Surgery reduces Cancer Risk

261F06F000000578-3018672-image-m-2_1427752443565Catherine Murley’s story is featured in the Daily Mail¬†(click the link to read the full article). She opts for radical surgery at The Weymouth Hospital with Mr Rosenthal to reduce the risk of a faulty gene allowing her to develop Ovarian Cancer.

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To prevent herself following in the footsteps of her female relatives, Angelina last week revealed she’s had her ovaries and fallopian tubes removed (she had a 50 per cent risk of developing ovarian cancer). This comes two years after a preventative double mastectomy because of her raised risk of breast cancer.

But while many people know that a greater risk of developing these cancers can be inherited, what is less well known is that it’s not just down the female line; the risk can be passed on from your father’s side of the family, too.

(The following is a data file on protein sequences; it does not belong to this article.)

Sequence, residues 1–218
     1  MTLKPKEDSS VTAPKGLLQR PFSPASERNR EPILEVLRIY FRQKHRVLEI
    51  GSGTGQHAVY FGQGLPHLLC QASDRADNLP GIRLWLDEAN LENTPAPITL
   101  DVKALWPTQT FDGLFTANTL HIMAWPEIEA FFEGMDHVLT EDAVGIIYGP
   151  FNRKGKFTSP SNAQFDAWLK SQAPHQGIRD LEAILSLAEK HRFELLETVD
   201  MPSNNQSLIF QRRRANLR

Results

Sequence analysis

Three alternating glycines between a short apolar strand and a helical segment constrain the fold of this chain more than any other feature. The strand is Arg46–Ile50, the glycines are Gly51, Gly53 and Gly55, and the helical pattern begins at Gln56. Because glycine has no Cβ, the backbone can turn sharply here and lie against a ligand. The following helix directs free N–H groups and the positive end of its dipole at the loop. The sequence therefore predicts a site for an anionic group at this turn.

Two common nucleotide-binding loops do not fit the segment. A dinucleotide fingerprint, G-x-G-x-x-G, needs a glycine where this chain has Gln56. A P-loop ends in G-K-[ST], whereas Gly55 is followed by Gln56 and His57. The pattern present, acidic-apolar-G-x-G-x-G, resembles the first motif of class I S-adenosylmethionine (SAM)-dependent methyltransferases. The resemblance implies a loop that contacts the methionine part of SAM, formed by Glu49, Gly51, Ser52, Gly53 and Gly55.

Catherine Murley, a 44-year-old commercial manager from Rugby, inherited a high risk of breast and ovarian cancer from her father as result of a faulty BRCA1 gene.

Dr Rosenthal comments

Assuming it’s just the mother’s line that you need to worry about is an understandable mistake, says Dr Rosenthal, as these genes tend to cause female cancers.

‘However, they are not passed down on the female sex chromosome, like some inherited diseases. Men carry them just as easily as women,’ he says. ‘But women are more vulnerable to the effects.’ While a faulty BRCA gene raises a man’s risk of prostate cancer to 10 to 25 per cent, they raise a woman’s risk of ovarian cancer to 15 to 45 per cent, and the risk of breast cancer to 45 to 90 per cent.